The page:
18. New Issue of Shares(IPO) Company will employ an investment bank to advise on number of shares to issue, price, and other matters Investment bank, acting as underwriter, will attempt to secure commitments for the stock from institutional investors prior to the sale date IPOs are expensive

19. Limits to Growth Excessive debt financing Dysfunctional management structure Stale or declining product market Government policies

20. Small Firms vs. Multinationals

21. Small Firms What is a “small” firm? Size of the firm may be based on number of employees or amount of revenues To promote uniformity in Europe, the EU proposed members use “less than 250 employees” as the definition of small to medium sized enterprises (SME) Under this definition, a large percentage of manufacturing firms and service firms in the UK are small firms

22. Reasons for Growth in Small Firm Sector Changing pattern of industry Changes in consumer spending habits Flexible specialization and growth of subcontracting Reorganization and job reduction Government policy Growth in self-employment

23. Advantages of a Small Firm Clearly defined small markets Specialist, quality and non-standardized products Geographically localized markets Development of new ideas

24. Networking Subcontracting Networking Virtual organization Joint ventures Consortia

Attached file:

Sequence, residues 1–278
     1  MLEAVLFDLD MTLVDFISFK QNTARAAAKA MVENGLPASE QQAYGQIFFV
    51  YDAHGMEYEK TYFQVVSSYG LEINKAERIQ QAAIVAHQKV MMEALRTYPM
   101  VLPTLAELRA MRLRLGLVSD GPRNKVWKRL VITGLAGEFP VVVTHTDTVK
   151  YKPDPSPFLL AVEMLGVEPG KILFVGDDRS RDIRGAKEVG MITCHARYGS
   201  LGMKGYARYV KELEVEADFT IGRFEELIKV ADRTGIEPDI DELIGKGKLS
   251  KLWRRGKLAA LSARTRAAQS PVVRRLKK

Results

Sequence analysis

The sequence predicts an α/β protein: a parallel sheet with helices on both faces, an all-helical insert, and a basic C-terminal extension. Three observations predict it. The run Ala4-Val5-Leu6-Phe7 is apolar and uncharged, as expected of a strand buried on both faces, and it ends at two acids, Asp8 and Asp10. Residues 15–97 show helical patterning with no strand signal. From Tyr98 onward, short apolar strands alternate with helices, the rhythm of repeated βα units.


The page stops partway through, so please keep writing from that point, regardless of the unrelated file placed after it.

25. Subcontracting Current trend is an increase in subcontracting, where firms delegate a part of the production process to another firm, or delegate business services Examples, subcontracting out accounting or HR functions to specialist firms Reduces costs for large firms and creates a larger market for small firms

26. Networking Networking-relationships that exist between organizations and people within the organizations Two basic types: 1) Where firms are members of a network, but the network has a different name from individual firms 2) Where firms are part of a network of independent firms, but the network does not have a separate identity

27. Virtual Organization Virtual organization-a network-based structure built on partnerships where a small core operating company outsources most of its processes Advantages are increased flexibility, efficiency, and responsiveness to changing market conditions Also minimizes costs

28. Consortia A consortium will include contractors, suppliers, bankers and other groups who have expertise and resources to carry out a large product Example: Eurofighter

29. Multinationals Very large companies with central control but operations in many countries Growth of multinationals is directly related to more relaxed exchange controls and improved communication

30. Advantages of Multinationals MNEs can locate their activities where it best suits them MNEs can cross-subsidize operations, meaning profit from one market can support operations in another MNEs can avoid tax in some countries by negotiating tax breaks or using transfer pricing MNEs can take advantages of subsidies and tax breaks offered by governments

31. Effects of MNEs on Local Economy Labor market Balance of payments (inflows of investment, but outflows of dividends and profits) Flow of goods Exploitation of developing countries?

32. Globalization Globalization – the process of integration of markets and production world-wide Two main reasons: 1) Decline in barriers to trade and investment 2) Rapid advancement in communication and IT technology